5. that governance matters. Just like by structuring contracts differently can influence a firms’ market value, so too our own governance influences our returns.
  6. that luck sometimes is good and sometimes bad. Plan for the worse, but hope for the best!
  7. that investment is important. So invest in your assets—all of your assets. Your assets include your investments (stocks, bonds, mutual funds, etc), tangible assets (real estate, baseball cards, car, etc), and intangible (reputation, goodwill, your friends, your health, your mind). What does this mean? It means that while you care for your bank balance, your real property, don’t forget your friends, your family, your health, and your reputation. Sure it may not always be fun—(driving to see a sick friend never is), but do it anyways! (see next item)
  8. to think long term. Not only is most of a stock’s value derived from long term growth, so too is our value. The Enrons, the Worldcoms, and others forgot this. Sure you may have to pass up some things you want, but in the long run you will be glad you did! (indeed, drug addicts have some of the lowest discount rates known: they discount the future for short-term gains.)
  9. Both diversification and specialization have their places. On one hand specialization allows us to be very good at something. However, in a constantly changing world, too much specialization can be very risky. Moreover, too much of anything will lead to staleness (and often is bad for your health too). So have varied interests, be willing to learn new things, and never stop learning.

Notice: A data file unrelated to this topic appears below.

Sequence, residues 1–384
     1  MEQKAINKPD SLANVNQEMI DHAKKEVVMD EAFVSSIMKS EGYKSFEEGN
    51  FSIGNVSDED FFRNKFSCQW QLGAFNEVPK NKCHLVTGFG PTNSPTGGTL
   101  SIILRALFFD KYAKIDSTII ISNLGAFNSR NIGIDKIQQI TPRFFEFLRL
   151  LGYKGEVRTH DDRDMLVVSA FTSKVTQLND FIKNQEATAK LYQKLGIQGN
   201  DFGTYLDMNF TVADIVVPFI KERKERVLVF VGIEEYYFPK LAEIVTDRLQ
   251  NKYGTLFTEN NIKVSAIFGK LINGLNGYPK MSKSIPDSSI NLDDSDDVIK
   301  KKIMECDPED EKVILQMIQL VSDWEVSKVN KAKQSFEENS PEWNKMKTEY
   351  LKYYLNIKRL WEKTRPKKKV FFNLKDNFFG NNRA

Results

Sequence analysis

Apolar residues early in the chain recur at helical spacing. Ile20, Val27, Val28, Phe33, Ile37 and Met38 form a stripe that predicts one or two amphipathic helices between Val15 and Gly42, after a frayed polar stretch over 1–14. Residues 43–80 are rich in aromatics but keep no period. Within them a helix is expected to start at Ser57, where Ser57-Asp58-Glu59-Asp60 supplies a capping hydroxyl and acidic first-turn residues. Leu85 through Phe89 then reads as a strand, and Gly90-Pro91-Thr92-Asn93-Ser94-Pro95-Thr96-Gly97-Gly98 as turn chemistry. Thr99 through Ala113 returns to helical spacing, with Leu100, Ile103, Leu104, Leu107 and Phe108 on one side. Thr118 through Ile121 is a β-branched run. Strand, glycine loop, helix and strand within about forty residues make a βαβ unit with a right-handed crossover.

10. that there are many ways increase utility. Money is not the only thing that makes people happy. People are REMMs and care about all things. More money is good, but so too are more free time, a better standard of living, and a clean conscience. How you draw your indifference curves is a personal decision.

    To these, I would also add the importance of
  • staying confident—many of you sell yourselves short. Both collectively and individually. I am not sure if it is a function of going to a small school, or not. But you should not sell yourself short!!! IF YOU WANT IT TO BE, the education you get here is every bit as good as you could get at any school in the world. Too many of you use “it is too hard” or “no one else is doing it” or “I can’t do it” as an excuse. You can do it. You just have to want to do it!
  • never get too worried about money. Yes, it is money. Yes, it matters, but only to a degree. I’ve seen too many people destroy themselves (physically and mentally) over money. Do not let it happen to you. This may mean some advanced planning and might mean you do not have the fanciest car, or the largest TV. But who cares? Along these lines, the best definition of wealth I have ever heard is Wealth = monetary wealth / wants.
  • staying active. Both physically and mentally. It is way too easy to stop. Don’t stop! Learn something new every day. Read, risten, take classes. Do some physical activity every day. Run, bike, walk, you name it! But to quote Nike, JUST DO IT! You will be glad in the long run!
  • having fun! Life is too short to not have fun! Find hobbies that you like doing. But also at work. Remember: Work should be enjoyable, not something you have to do!!! as Anthony Annuziado said in our class: find a job you love and you'll never have to work a day in yout life!

    See, I told you finance was everything :) Good luck and keep in touch!!! jim